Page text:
Romanian opposition in the streets
DW: Around 50,000 people protested in the capital Bucharest on Sunday, while tens of thousands took to the streets in several other Romanian towns. What motivated them, and why did you also join the protests?
Cristian Stefanescu: For almost three decades, the politicians governing Romania have stolen as much as possible - often with the help of a network including representatives and successors of the former communist party and the former dictator [Nicolae] Ceausescu's secret service Securitate. These politicians have undermined justice and the meaning of the state of law, governing with the aim of hiding their own corruption. International pressure was the only strong incentive for the judiciary to move on it. Slowly, but steadily, investigations started.
But a party dominated by corruption suspects - afraid of losing their illegally attained wealth - or even politicians who were declared guilty of corruption won the parliamentary elections at the end of 2016. The Social Democratic Party and their smaller coalition partner, the liberal party ALDE, have a majority that permits them to modify the existing legislation.
It's hard to imagine that it can happen in 21st century Europe: This majority is preparing an amnesty law that would wash away the sins of corrupt politicians and let them keep the money and possessions obtained illegally. The fear of being forced to pay for their deeds is so great that they are willing to risk not only the fate of their party - but also that of the country.
In the absence of a strong parliamentary opposition that can keep pace with all of this, the people lost their patience and took to the streets to show politicians that laws should not be in the service of those stealing public money.
What unites the demonstrators?
The crowds on the streets are very mixed. Some - including myself - consider that the result of the elections (in December 2016) should be respected and that those in power should do what they promised to their voters, but without punishing the others who also contribute to the public budget with their taxes and who should benefit from good governance.
On the other hand, there are those who want Prime Minister Sorin Grindeanu to step down - along with the other ministers who have tried to modify laws without public consultation, thereby despising the state of law. All the protestors share a feeling of anger and despair caused by corruption.
What have the protestors achieved up to now?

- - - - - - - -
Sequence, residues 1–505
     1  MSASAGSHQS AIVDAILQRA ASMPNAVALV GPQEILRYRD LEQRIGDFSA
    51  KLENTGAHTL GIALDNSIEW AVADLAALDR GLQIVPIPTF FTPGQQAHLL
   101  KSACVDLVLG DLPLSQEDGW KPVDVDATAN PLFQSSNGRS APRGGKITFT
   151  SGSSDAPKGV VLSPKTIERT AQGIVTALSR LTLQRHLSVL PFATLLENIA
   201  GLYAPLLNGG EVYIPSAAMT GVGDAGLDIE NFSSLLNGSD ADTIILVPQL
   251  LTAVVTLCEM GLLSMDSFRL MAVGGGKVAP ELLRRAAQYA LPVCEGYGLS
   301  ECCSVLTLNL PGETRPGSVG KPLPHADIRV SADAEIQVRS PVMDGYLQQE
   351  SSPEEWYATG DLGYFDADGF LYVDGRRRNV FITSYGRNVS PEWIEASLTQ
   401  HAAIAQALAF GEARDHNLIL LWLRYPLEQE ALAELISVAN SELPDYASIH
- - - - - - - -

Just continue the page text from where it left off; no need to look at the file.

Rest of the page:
The changes to the law have at least been postponed. Furthermore, the ministry of justice has organized some kind of public debate over this issue - although it is purely consultative: The ministry can ignore any recommendation that the representatives of civil society or other groups suggest. At the moment, the street has taken the role of the opposition.
After Romania's President Klaus Iohannis took part in the protests on January 22, Social Democrat leader Liviu Dragnea spoke of an attempted "coup." What is your reaction to this?
President Klaus Iohannis shouldn't have taken part in the protest. The demonstrators protested against a weakening of the anti-corruption legislation, it wasn't a political fight.
For years, demonstrators in Romania have been regarded as an easily manipulated mass. Several TV channels, intoxicated by a language of hate, have repeated again and again that they were bought. Some of them even spoke of fixed prices for each participating adult, child and even dog!
There is no difference between the manipulations of these TV channels and Liviu Dragnea's accusations that he has repeated on these same channels. President Iohannis knows exactly who he has to deal with regarding the parliament majority. And he should have known that his presence at the mass protest is grist to the mill of manipulation. Maybe he scored points on the political level, but it was a mistake for the fight against corruption.
What do you think about the president's proposal to organize a referendum on the controversial legislation?
What happens if, like in other parts of Europe, people won't show up at a referendum? Will many claim that the citizens simply don't care about the issue of corruption? Liviu Dragnea himself claimed, after local elections won by his Social Democrats, that the voters don't really care about a mayor's judicial record. The proof is very clear: About one quarter of all the mayors of Romanian towns have legal problems. Some of them were even elected while still serving a jail sentence. In a political landscape dominated by lies and manipulation, it will be extremely difficult to send a clear anti-corruption-message.
Cristian Stefanescu is a Romanian journalist working for the radio station DigiFM in Bucharest.